the x axis like old dot matrix printer. The neat part is that it traces
      out a PCB layout (probably implemented in analog circuit), so any
      magazine layouts or WYSIWYG 1:1 printout would work. When it is done,
      you can stick it onto a blank FR4.

  7. McSquid says:

    I feel like this is a cheaper and simpler solution to the same thing:

    however the two combined would be kind of awesome.

  8. Brilliant idea, Someoe should make accelerometers, etc and vibrate motors for DIY haptic feedback rigs.
    The idea of using flexicables and flat connectors should work, as far as if a module breaks or stops working then it can be replaced easily.

    One thing I’d have done is encapsulated the chips etc to make them somewhat corrosion resistant, PCL aka Polymorph or a clear variant would be an excellent idea.
    Clear silicone would also work, the 5050 LEDs on DX use this approach.

  9. pcf11 says:

    I didn’t stick stickers on everything when I was young. I’m not going to claim I was a normal kid though.

  10. Neil Dakin says:

    I grew up playing with metal Meccano and 200-1 kits i think this should be taught in schools at a young age.
    The Basics are so important and fun

    The 200-1 kits are so much better in understanding how electronics work than this design in my opinion.

  11. dx says:

    Very good project. In general assembly of electronic components simply shouts for a long time to be reinvented and reengeneered. It would be best of all something like that made Siemens having released their electronic modules LOGO. Only to make so that in such blocks basic elements, such as resistors, condensers, diodes which can be adjusted and switched between them contacts were combined, forming of them fragments of schemes, to use in them adjusted elements (variable resistors, condensers of variable capacity, etc.) that each such block could be adjusted by means of a screw-driver and jumpers or even to be programmed. And to make so that these blocks could connect to the help of ordinary sockets (as processors on the motherboard or simpler) or with cables and to form the whole schemes. Something like advanced modular breadboard with built-in adjustable basic components. Then it would be possible to simplify strongly assembly of prototypes or experimental models or even to use these blocks in working devices, and if necessary to reconfigure them as a part of other devices or to replace failed in parts.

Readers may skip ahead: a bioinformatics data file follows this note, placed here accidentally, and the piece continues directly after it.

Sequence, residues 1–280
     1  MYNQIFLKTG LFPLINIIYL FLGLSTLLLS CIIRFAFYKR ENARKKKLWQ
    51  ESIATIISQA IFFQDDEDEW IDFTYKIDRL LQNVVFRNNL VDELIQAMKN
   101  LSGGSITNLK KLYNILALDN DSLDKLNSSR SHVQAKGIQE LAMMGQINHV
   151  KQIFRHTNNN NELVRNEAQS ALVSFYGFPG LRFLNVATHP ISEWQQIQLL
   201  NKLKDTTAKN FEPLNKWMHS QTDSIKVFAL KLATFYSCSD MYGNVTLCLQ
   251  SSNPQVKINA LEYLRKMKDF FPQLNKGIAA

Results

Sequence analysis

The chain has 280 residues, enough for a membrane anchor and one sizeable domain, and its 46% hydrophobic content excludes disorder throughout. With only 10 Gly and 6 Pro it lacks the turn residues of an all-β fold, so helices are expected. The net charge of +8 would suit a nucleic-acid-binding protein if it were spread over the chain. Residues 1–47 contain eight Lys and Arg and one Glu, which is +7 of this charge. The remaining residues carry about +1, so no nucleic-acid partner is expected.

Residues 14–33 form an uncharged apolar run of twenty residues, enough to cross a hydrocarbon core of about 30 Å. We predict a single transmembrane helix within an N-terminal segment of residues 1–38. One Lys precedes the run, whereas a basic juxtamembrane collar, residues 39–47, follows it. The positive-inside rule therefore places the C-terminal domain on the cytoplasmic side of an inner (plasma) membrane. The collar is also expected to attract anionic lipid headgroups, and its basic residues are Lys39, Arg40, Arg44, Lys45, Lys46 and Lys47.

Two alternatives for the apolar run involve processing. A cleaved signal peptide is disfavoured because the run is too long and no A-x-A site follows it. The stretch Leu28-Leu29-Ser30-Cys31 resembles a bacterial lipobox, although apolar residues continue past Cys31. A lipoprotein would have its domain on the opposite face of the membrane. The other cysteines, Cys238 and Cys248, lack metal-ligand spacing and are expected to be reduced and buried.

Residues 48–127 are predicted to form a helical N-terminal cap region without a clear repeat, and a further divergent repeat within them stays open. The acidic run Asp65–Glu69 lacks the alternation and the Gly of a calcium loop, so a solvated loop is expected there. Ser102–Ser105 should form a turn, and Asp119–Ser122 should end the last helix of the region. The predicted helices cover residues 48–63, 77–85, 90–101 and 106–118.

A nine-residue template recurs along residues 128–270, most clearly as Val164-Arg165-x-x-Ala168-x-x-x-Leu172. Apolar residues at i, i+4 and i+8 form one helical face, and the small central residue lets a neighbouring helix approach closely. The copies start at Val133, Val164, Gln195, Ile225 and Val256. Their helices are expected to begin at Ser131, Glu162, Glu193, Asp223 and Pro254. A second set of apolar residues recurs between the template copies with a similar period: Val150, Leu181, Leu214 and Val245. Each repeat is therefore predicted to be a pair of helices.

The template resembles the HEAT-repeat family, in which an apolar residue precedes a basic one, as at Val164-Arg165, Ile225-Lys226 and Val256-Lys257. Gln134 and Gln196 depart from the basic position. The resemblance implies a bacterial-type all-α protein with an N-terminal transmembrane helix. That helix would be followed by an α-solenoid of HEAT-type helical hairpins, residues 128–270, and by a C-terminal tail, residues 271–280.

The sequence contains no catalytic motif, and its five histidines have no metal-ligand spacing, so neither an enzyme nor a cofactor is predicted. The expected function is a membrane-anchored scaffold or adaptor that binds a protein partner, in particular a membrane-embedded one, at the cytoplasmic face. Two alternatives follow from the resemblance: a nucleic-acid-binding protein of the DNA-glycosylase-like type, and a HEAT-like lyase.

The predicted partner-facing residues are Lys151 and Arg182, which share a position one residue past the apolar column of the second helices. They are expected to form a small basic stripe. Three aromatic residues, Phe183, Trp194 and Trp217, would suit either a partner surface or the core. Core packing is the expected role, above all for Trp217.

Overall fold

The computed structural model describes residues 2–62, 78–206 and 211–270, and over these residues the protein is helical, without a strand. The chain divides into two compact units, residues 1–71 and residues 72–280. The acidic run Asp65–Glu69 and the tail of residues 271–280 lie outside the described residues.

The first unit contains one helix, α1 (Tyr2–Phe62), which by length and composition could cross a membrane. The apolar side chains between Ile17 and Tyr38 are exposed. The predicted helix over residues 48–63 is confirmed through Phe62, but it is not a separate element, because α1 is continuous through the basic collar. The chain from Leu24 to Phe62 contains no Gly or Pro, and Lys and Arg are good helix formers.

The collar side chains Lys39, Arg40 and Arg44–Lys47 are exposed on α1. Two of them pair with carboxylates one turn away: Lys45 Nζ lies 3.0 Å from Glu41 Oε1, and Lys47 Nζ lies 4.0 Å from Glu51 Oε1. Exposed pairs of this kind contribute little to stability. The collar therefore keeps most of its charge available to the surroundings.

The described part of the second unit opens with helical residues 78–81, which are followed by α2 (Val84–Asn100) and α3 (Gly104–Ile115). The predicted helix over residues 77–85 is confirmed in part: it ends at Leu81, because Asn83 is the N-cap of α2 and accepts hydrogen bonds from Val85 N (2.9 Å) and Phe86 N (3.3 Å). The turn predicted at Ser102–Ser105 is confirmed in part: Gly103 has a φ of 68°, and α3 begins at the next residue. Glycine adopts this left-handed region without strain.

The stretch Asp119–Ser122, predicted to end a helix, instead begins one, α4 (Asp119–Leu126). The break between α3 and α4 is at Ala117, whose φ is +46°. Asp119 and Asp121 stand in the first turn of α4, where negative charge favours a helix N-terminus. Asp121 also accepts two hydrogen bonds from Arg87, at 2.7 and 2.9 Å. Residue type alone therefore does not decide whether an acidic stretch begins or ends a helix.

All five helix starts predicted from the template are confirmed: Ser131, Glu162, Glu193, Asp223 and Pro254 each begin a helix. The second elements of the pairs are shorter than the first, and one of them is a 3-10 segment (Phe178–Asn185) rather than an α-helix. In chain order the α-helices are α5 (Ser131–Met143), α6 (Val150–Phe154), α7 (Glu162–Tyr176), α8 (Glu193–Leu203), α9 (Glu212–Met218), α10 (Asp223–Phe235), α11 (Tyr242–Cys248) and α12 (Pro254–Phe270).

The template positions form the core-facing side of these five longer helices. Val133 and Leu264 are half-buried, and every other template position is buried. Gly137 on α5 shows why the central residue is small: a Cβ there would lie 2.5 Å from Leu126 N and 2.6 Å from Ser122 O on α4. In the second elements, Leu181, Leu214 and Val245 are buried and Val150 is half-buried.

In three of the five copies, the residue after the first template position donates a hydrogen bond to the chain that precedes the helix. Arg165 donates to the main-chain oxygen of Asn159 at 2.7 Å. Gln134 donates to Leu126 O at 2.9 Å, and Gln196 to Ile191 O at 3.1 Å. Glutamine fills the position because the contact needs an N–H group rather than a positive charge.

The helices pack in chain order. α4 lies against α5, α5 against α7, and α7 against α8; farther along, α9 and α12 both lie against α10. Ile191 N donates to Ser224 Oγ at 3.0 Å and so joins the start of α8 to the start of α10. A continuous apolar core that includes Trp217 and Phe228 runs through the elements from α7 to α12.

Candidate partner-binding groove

12. Patrick - Bethesda, MD says:

    Kids could stick them on their hands, etc. so that when they clap a circuit would complete. Or, put them on their finger tips, or costumes, etc.

    You could even put them on pets or Livestock, or on boxes/supplies for inventory control, etc.

    The possibilities are endless !!!

  13. me says:

    why not simply use a soldering iron for connections ?
    why not use a cheap breadboard instead ?
    why pay more for learning less ?

    better heat up the iron and tear things apart for learning – and be sure
    there will not be a sticker patchwork inside !

  14. mramondo73 says:

    SImply awesome! !

Leave a Reply

Fill in your details below or click an icon to log in:

WordPress.com Logo

You are commenting using your WordPress.com account. Log Out / Change )

Twitter picture

You are commenting using your Twitter account. Log Out / Change )

Facebook photo

You are commenting using your Facebook account. Log Out / Change )

Google+ photo

You are commenting using your Google+ account. Log Out / Change )

Connecting to %s

Follow

Get every new post delivered to your Inbox.

Join 96,678 other followers